There have even been some great TED talks on CBD, one of our favourites being  which focused on the endocannabinoid system and another which initially focused on how it helped a lady called Jill deal with the burden of Parkinson’s Disease day-to-day and went on to discuss the science. There are many more but these two stuck out for me.

It’s clear that the tipping point is finally near, however despite the mounting scientific evidence in favour of CBD, there are still large numbers of people that see CBD as taboo due to its close relationship with marijuana, not fully understanding that the illegal element in marijuana (THC) is not present or is at least in such low levels in regulated CBD products that it has no effect. This is understandable, however on 13th February 2020, the UK Food Standards Agency took steps to remedy this and announced new regulations regarding the classification of CBD as a novel food. As a result, since the 31st of March 2020, only registered CBD products can be sold legally in the UK market, meaning there are now safer products for the consumer and key concerns have been removed for many would be users.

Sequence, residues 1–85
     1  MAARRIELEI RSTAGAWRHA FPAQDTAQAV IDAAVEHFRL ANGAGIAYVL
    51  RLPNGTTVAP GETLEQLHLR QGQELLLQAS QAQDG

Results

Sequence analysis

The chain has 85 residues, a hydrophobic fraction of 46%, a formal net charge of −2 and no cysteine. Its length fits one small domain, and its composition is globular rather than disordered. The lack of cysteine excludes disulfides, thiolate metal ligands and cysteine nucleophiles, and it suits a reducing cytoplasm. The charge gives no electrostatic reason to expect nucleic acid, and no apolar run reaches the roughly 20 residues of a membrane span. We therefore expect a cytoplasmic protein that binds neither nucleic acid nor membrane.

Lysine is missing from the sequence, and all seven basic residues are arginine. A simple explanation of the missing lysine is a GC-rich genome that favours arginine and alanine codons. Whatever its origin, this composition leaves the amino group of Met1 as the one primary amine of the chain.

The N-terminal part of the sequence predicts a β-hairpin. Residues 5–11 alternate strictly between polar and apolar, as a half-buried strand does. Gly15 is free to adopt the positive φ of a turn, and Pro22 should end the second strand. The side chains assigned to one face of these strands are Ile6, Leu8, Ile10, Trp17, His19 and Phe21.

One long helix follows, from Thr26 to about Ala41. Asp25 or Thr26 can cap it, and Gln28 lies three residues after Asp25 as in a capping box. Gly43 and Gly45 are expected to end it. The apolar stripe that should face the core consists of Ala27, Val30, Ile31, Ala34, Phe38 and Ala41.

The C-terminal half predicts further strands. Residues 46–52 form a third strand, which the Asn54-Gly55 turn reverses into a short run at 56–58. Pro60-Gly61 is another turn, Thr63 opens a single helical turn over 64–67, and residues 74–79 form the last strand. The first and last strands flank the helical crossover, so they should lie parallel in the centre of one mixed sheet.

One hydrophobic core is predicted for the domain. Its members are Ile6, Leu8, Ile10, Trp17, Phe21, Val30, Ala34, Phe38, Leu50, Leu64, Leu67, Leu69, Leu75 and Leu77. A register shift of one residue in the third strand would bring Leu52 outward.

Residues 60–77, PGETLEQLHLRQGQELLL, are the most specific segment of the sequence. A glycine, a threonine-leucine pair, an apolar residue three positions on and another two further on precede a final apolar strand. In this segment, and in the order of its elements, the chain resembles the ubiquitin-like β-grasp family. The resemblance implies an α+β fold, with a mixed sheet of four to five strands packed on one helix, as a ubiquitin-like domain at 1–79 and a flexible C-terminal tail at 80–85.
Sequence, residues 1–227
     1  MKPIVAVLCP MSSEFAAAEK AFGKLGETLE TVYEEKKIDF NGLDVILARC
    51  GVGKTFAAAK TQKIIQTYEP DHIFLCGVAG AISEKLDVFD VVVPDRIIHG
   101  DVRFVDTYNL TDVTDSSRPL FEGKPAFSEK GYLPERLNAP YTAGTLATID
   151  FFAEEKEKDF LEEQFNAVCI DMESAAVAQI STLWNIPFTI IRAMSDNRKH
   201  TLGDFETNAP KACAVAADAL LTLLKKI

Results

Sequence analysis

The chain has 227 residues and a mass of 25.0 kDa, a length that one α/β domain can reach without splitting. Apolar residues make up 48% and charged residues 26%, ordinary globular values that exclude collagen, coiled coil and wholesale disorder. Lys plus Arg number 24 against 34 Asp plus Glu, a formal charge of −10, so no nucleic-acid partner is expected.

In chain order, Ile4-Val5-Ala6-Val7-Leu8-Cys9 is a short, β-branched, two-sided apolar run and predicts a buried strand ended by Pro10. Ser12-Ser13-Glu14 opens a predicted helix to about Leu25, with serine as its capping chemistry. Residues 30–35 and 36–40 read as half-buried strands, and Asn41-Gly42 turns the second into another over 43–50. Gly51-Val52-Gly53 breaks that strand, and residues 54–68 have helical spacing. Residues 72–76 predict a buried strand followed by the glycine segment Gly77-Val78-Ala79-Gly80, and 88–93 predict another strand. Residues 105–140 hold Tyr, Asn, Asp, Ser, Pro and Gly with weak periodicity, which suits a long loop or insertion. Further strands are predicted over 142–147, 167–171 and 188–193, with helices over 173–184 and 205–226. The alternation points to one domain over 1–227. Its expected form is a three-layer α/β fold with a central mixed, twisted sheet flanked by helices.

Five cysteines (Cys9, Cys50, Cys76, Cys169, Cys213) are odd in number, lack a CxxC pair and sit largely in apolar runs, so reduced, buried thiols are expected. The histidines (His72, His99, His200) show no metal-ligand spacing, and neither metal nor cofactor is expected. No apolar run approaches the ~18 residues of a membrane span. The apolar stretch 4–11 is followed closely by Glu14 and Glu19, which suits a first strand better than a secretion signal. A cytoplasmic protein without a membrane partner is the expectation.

In turn, we hope that through education and increased presence in the media, traditional retail and with support from reputable influencers, people will open up to the powerful benefits of CBD.

Whether it be through CBD oils, CBD Gels or topical CBD creams, as stated by the Harvard medical school there is a truly astonishing range of benefits claimed by its users worldwide. These include helping with anxiety, chronic pain, insomnia and even in the treatment of addiction. Such claims have been backed up by animal studies and trials by clinical research groups with great success, so it would be a travesty for this amazing product not to be available to all.